Athletic Training M.S.AT.

Request Info

Technical Standards

Athletic Training education requires that the accumulation of scientific knowledge be accompanied by the simultaneous acquisition of skills and professional attitudes and behavior.

The University of Miami School of Education and Human Development, Department of Kinesiology & Sports Sciences, awards a Master's of Science Athletic Training degree to students who successfully complete the curriculum. Students are expected to acquire a broad base of knowledge and skills, and competencies of an entry-level Athletic Trainer as well as meet the expectations of the program’s accrediting agency, The Commission on Accreditation of Athletic Training Education (CAATE).

The Master's of Science Athletic Training degree will be required to acquire the knowledge and skills to function in a broad variety of clinical situations and to render a wide spectrum of patient care. In order to learn the variety of tasks needed to become proficient as an Athletic Trainer, the student must be able to perform the following tasks, which are all essential requirements of the program: observation, communication, motor, conceptual (integrative and quantitative), and behavioral/social.


The candidate must be able to observe demonstrations and experiments in basic and applied sciences, including, but not limited to human anatomy and physiology, neuroscience, as well as in didactic courses in Athletic Training theory and practice for normal and pathologic states. A candidate must be able to observe a patient accurately at a distance and close at hand. Observation requires the use of common sense, as well as the functional use of the senses of vision, audition, olfaction, and palpation.


A candidate must be able to elicit information from patients, describe the patient’s mood, activity and posture, and perceive and accurately report nonverbal communications. A candidate must be able to communicate effectively and sensitively with coaches, administrators, patients and their families. Communication includes not only oral, but also reading and writing. The candidate must be able to communicate effectively and efficiently with all members of the health care team in both immediate and recorded modes.


Candidates should have sufficient motor function to elicit information from patients by palpation, auscultation, percussion, manual positioning of body segments and other evaluative procedures. A candidate must be able to do basic screening and examinations (physiological measures such as BP, HR and respiration), diagnostic procedures (palpation, manual muscle testing, goniometry, ligament laxity testing, sensory evaluation, gait analysis, balance assessment), and review X-rays. A candidate must be able to lift an adequate amount of weight (approximately 50 pounds) in order to assess and lift a patient as necessary.  A candidate must be able to execute motor movements reasonably required to provide general care and emergency treatment to patients. Examples of emergency treatment reasonably required of Athletic Training students are cardiopulmonary resuscitation, spine stabilization for head or neck injury and application of pressure to stop bleeding. Additionally, candidates must be able to perform debridement of wounds and other physical assessment maneuvers, where such actions require coordination of both gross and fine muscular movements, equilibrium and functional use of the senses of touch and vision.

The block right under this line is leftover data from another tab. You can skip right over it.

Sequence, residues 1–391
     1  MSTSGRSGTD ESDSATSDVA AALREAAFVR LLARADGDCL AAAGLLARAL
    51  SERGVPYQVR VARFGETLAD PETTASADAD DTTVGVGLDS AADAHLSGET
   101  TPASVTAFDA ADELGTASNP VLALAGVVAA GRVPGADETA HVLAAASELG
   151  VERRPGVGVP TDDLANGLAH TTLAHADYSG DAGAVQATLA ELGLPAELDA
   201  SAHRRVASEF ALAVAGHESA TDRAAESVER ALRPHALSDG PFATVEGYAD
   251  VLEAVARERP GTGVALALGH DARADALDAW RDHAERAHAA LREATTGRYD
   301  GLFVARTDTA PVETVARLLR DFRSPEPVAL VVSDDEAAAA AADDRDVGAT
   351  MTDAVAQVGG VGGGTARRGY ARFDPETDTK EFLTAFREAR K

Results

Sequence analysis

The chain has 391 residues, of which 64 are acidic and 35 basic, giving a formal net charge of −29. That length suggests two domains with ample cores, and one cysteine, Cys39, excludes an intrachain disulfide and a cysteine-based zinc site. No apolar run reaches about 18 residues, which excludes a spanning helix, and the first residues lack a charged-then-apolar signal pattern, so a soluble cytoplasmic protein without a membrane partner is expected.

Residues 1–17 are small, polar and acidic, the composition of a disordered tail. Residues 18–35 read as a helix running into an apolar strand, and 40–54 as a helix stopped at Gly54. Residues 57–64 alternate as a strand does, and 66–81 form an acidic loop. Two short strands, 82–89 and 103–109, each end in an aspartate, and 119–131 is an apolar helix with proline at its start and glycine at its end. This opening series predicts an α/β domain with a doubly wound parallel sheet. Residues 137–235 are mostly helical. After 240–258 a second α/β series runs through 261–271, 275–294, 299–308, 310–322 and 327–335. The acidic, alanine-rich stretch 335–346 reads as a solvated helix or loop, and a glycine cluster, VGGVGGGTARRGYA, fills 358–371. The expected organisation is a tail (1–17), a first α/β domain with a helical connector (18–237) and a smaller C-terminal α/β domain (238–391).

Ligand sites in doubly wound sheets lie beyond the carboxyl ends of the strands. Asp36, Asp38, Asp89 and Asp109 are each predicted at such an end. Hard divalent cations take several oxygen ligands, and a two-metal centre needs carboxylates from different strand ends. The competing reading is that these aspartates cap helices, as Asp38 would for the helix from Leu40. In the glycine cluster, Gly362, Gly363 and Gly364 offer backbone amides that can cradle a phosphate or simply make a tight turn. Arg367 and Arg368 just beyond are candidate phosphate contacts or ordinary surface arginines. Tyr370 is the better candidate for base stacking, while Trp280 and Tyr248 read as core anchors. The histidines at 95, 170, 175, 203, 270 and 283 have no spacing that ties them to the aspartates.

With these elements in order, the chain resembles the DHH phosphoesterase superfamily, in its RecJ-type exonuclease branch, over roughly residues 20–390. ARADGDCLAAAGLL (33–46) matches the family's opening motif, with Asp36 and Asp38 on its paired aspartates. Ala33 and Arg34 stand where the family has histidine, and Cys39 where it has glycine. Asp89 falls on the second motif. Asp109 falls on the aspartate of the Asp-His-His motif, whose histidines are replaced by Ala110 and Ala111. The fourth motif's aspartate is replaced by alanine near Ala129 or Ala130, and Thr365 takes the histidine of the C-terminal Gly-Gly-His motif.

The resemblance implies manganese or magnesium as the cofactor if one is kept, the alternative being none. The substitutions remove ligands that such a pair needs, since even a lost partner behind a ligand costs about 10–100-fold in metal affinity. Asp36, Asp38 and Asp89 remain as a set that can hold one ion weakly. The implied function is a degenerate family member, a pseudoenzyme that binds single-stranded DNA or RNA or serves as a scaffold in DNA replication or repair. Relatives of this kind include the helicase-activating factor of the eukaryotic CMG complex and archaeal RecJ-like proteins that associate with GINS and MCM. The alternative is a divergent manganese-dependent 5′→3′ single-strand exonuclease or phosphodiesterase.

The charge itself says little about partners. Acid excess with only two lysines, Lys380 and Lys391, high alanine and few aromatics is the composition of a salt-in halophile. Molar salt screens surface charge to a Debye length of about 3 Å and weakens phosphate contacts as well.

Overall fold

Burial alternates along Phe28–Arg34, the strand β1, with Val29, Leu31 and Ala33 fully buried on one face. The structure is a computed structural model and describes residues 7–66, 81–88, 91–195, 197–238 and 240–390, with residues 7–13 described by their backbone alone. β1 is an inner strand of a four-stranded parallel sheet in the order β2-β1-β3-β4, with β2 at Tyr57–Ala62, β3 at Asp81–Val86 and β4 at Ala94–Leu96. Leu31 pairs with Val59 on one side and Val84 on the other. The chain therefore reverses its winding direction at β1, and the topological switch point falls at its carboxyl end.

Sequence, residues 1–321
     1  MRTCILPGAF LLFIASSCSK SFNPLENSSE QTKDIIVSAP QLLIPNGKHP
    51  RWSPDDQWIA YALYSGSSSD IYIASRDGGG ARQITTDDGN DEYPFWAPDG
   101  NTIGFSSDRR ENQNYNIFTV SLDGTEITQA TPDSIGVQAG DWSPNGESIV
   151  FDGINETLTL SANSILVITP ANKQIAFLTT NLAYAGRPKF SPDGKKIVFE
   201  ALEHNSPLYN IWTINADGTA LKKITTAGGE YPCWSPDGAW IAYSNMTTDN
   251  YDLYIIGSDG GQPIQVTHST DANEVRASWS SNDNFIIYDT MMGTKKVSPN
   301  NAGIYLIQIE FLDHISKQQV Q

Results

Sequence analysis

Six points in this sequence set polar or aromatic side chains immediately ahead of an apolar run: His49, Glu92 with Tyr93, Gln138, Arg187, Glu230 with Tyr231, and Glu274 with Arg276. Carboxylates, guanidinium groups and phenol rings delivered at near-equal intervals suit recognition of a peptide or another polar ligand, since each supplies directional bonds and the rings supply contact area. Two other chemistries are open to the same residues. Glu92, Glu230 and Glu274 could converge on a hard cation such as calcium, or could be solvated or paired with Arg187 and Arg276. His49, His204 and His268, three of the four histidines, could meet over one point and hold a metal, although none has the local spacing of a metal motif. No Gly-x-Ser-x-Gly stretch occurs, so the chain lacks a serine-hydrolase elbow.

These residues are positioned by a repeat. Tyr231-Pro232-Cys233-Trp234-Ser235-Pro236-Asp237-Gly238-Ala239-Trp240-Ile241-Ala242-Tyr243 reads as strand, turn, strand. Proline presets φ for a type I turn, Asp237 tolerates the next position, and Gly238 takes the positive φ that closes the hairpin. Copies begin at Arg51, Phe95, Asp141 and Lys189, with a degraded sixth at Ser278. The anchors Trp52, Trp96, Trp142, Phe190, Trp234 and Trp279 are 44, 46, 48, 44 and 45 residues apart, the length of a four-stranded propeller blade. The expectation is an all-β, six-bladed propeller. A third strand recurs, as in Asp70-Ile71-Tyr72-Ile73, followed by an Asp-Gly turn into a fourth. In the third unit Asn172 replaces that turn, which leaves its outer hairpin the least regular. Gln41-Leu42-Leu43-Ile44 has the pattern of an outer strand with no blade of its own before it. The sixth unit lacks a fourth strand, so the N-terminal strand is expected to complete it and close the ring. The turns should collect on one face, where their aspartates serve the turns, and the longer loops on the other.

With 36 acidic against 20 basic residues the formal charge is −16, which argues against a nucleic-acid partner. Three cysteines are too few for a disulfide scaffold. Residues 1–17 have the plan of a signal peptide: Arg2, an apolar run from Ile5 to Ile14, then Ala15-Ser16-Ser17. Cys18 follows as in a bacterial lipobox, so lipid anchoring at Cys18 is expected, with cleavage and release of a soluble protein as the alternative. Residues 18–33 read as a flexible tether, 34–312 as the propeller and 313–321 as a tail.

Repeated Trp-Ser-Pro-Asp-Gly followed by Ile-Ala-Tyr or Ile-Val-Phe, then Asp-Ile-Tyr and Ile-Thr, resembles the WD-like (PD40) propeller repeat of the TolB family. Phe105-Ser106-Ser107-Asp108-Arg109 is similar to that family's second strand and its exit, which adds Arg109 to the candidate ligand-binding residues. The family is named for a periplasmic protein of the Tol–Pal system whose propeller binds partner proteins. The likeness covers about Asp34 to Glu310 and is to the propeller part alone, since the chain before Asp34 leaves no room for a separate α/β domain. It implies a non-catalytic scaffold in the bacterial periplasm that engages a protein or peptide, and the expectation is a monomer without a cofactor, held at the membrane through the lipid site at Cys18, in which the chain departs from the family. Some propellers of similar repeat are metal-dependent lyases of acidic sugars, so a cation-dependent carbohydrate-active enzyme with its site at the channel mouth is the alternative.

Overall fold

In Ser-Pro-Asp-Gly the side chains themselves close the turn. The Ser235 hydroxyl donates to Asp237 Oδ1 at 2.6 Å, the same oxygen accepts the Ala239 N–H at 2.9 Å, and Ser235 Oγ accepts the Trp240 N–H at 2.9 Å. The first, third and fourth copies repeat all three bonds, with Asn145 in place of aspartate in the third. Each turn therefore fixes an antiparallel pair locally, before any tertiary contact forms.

Conceptual-Integrative and Quantitative Analysis

These abilities include measurement, calculation, reasoning, analysis, synthesis, and retention of complex information. Problem solving, the critical skill demanded of Athletic Training practitioners, requires all of these intellectual abilities. In addition, the candidate should be able to comprehend three-dimensional relationships and to understand the spatial relationships of structures.

Behavioral/Social Attitudes

Candidates must possess the emotional health required for full use of their intellectual abilities, the exercise of good judgment, the prompt completion of all responsibilities attendant to an evaluation, diagnosis and care of patients, and be able to develop mature, sensitive and effective relationships with patients. Candidates must be able to tolerate physically-taxing workloads and to function effectively under stress. They must be able to adapt to changing environments both indoor and outdoor, display flexibility and learn to function in the face of uncertainties inherent in the clinical problems of many patients. Compassion, integrity, concern for others, interpersonal skills, interest and motivation are all personal qualities that are assessed during the admissions and education process.

Completion of the program’s technical standards does not guarantee a student’s eligibility for the Board of Certification (BOC) exam.

Students requesting accommodation to meet the technical standards must contact the Office of Disability Services prior to the start of the program or immediately upon a change in health status.